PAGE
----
White Birch Trees with Five of their Top Attributes

A deciduous tree, the Birch Tree grows quickly across the US and Canada, the UK, Asia, and other cooler places in the world. The largest number of these trees remain in the Northern Hemisphere.

There’s something about seeing a group of Silver Birch Trees that makes me feel happy. Driving down some road and passing these majestic beauties makes me feel uplifted somehow.

Their Five Top Attributes of Silver Birch Trees are:

  • The silver bark of the Birch is lovely; it also seems to glow at night.
  • They provide a lot of shade in the most elegant of ways. Average dimensions being 20 feet in diameter – perfect for a family in a garden.
  • They are incredibly hardy plants and, therefore, easy to maintain.
  • They are so useful, i.e., for making furniture, construction, and vehicle manufacture.
  • Some of the Birches’ sap is used to prepare birch beer, vinegar, and, most importantly, for medicinal purposes.

They can grow to heights of between 60 to 80 feet, live for over 100 years, and are mainly used for making furniture, construction, and vehicle manufacture.

There are over 60 species of birch trees, and then you can add on the many different cultivars – so it’s quite a prolific tree. It grows in North America but then grows well over most of the world in the cooler areas. It is best planted in groups of 3 or 5, or when made into an entire cluster of them, they’ll look wonderful; and it always looks ornamental.

It grows quickly; it is a very hardy plant requiring minimum attention and providing much-needed shade in specific areas of your garden.

There are too many of the species to discuss separately, so here are a few facts about the most popular seven Birch Trees:

Silver Birch

This medium-sized Birch is 15 to 25 meters tall with a lovely white bark with diamond-shaped markings. The leaves are triangular, and the flowers bloom during the very beginning of Spring, with the fruits coming along in late summer. Fund in Europe and Asia, it grows well in sandy and dry soil. It is used for landscape designing, and amazingly, the sap is also used to treat kidney stones.

The white, peeling bark and spade-shaped leaves of the Silver Birch trees make them look beautiful, and they stand out most attractively in a grouped garden setting. Planted together in a group, these narrow-trunked trees cleverly form a dainty shade awning above.

These Birch trees are native to Europe and Asia. The Silver Birch trees thrive in mountainous landscapes where they can afford them a fair degree of protection from the wind.

Silver Birch trees are so graceful, and they have arching canopies that can spread to a delicate but large ‘umbrella’ of about the diameter of 20 feet in diameter. They reach heights of 40 feet, and these trees are best placed in northern or eastern exposures with limited hours of sunlight.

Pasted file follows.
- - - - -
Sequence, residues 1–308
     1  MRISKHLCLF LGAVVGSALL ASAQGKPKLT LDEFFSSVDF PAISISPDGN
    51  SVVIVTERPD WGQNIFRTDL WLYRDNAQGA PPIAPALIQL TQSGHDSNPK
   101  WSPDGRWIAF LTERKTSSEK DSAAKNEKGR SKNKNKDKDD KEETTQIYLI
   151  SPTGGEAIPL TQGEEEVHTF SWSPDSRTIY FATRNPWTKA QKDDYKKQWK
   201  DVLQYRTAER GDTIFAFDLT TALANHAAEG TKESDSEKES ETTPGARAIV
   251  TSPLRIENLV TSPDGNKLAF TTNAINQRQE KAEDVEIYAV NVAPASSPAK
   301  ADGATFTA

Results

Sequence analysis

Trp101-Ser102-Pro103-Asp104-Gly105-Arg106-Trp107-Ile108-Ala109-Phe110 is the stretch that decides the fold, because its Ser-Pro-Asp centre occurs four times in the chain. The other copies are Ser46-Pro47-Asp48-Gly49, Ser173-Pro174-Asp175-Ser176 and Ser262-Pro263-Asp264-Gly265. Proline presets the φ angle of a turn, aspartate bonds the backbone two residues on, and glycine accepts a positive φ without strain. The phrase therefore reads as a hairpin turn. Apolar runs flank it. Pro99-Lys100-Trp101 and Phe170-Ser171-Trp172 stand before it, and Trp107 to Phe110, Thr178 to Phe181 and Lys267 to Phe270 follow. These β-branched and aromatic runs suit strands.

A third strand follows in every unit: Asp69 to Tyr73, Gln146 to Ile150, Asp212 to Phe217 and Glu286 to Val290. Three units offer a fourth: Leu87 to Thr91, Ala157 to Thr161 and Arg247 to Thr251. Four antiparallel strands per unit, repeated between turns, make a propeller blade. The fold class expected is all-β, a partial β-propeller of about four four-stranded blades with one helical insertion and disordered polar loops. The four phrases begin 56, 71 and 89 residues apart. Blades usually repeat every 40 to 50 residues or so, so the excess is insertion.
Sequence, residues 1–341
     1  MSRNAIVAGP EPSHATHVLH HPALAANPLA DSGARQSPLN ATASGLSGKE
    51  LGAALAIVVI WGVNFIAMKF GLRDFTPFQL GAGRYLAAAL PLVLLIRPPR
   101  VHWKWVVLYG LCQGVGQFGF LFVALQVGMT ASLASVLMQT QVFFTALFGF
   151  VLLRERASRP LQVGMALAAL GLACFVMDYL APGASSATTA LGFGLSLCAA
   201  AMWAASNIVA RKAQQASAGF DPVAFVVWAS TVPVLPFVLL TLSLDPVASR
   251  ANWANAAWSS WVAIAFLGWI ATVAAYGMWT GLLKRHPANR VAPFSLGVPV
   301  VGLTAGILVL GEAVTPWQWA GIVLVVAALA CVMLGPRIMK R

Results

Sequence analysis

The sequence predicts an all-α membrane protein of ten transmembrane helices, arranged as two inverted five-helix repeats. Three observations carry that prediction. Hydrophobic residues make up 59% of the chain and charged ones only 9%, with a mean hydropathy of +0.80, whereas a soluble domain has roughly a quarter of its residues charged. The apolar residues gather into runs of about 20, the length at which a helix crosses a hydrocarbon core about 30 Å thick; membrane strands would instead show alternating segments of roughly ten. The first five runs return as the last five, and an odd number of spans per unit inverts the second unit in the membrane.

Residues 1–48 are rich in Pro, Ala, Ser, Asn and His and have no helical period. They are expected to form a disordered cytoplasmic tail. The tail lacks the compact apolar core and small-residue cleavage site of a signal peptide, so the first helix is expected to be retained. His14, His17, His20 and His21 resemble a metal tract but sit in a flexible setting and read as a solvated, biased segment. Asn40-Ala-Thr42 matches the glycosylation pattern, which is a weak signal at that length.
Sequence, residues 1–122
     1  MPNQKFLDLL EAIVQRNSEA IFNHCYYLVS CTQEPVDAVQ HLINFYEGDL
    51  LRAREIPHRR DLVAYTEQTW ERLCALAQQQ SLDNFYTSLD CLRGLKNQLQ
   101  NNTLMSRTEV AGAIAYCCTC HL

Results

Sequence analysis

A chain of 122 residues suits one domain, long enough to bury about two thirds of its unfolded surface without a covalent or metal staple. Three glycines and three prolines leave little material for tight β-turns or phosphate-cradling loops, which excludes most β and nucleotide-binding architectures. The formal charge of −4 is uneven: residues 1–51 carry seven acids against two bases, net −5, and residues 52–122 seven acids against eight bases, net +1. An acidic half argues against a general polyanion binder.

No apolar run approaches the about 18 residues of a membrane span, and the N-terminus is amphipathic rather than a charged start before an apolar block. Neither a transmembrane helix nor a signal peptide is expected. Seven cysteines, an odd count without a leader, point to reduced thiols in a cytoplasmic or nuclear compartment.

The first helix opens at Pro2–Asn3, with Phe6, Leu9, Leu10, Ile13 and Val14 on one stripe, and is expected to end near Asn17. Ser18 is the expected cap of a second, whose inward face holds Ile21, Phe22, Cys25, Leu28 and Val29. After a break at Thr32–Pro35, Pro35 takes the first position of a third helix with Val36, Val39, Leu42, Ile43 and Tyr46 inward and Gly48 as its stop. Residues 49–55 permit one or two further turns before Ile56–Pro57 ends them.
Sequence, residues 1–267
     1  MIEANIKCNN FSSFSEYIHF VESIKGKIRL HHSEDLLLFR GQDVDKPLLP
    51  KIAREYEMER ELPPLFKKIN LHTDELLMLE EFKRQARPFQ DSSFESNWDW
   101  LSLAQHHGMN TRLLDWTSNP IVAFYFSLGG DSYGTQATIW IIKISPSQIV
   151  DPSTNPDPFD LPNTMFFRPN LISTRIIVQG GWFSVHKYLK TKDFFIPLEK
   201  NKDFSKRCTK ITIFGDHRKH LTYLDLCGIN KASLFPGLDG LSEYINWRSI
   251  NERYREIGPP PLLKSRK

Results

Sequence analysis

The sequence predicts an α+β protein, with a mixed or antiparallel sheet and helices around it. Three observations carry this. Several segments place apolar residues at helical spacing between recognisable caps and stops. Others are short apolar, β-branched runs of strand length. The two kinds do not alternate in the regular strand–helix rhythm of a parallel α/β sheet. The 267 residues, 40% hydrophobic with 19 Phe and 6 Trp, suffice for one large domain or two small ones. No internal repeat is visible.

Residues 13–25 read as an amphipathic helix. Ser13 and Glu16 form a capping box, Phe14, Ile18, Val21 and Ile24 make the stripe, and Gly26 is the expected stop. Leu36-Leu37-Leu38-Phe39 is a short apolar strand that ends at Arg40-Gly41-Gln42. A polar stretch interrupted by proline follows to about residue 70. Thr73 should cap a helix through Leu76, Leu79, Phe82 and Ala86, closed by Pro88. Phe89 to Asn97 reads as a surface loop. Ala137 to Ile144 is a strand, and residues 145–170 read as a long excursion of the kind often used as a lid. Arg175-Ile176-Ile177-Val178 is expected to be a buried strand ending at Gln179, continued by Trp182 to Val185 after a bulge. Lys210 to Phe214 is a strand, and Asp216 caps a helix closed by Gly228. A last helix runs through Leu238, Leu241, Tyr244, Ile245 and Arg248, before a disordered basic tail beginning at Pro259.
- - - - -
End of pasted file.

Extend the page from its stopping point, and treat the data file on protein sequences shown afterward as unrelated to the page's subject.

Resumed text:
Ideal for a garden because the whitebark with a hint of pink has a strong tendency to peel, but this will set off this ornamental species in a garden, where it will benefit from such a spectacular display.

River Birch

A medium to large Birch, the River Birch grows up to between 25 to 30 meters and has multiple trunks.

The bark is interesting in that the color varies from a creamy white to brown.  It has alternate leaves, but the same oval shape as the others; and the fruits mature in late Spring this time.

These trees are mainly to be found in the Eastern United States. They enjoy being in swamps and floodplains, as they grow best in moist soil. The sap of these trees is used in the preparation of birch beer and vinegar.

River birch trees look good in a landscape with their, with their strangely different scaly brown bark. This bark peels and creates diverse layering in the garden, which is thought-provoking and pleasing.

One particular species called ‘Heritage’ has a bark that is a lighter-colored greyish bark and will complement a wide range of foliage colors.

This type of Birch is fast-growingsometimes attaining a height of 40 feet with 20 years. However, their lifespans are relatively short as they only live usually for around 50 years.

If you choose River Birch trees, their canopies will spread over a diameter of about 35 feet; so make sure you have a spot where they won’t get crowded; these trees can produce a source of pure visual pleasure and a highlight in your garden in you plant them in the right spot.

Paper Birch

This type of Birch is between a small to medium-sized tree, but it can live up to 140 years! It has a pattern of peeling off quite quickly, and you’ll see the color of the bark is white and a sort of reddish-brown. It has triangular-shaped leaves and is found in the north of North America. It prefers acidic soil, and this tree produces a sap used in the preparation of birch syrup – and beer and wine!

White trunks with visibly peeling papery bark, these trees are also known as the white birch trees. Their thin, white trunks easily identify them and are usually planted in groups.